These 3 films are one of the most significant events in the history of cinema. Having said that, I don't feel they deal with themes which are beyond the understanding of mere mortals like me and you. They are like some of Beethoven's greatest music: it's simple but unfathomably great.
My personal favourite is "White." The male lead embodies the pathos of his situation perfectly, and, while he goes on to overcome his personal difficulties in dramatic fashion, and to take revenge on what he sees as his wife's cruelty, he comes to realise that he has gained nothing of lasting value. The closing scene is one of the most genuinely moving moments I have ever seen.
The glorious "Blue" quickly dispenses with the preliminaries; the central character's composer husband is killed in a car accident, and his wife eventually finds peace and redemption through a chance hearing of a street musician, apparently playing one of her late husband's themes, even though the music had never been published. She goes on to work on her husband's unfinished compositions, and the film reminds us of the universality of human suffering and the potential for human unity.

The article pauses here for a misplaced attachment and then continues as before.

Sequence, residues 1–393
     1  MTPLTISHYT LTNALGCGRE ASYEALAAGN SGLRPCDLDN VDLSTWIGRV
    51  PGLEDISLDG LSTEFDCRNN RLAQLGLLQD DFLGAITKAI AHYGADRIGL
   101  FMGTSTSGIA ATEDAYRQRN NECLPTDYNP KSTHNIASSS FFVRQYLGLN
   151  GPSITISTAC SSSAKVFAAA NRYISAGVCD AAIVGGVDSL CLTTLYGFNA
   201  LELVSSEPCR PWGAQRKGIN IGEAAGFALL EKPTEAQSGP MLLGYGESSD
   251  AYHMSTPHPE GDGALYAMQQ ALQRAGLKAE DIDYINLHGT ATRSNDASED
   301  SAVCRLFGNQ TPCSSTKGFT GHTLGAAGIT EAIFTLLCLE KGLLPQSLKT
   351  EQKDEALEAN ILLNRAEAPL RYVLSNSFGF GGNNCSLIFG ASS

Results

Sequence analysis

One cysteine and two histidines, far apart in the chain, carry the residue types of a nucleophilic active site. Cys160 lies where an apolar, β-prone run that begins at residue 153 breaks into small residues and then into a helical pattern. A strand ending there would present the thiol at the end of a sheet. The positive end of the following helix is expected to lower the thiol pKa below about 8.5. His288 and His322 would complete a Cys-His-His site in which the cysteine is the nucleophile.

Like I said, these aren't new or even original themes, but this trilogy treats them with a cinematic beauty and a profound insight into the workings of the mind which has never been equalled.
If you want to spend some time with your television, you couldn't ask for a more worthwhile way of doing it.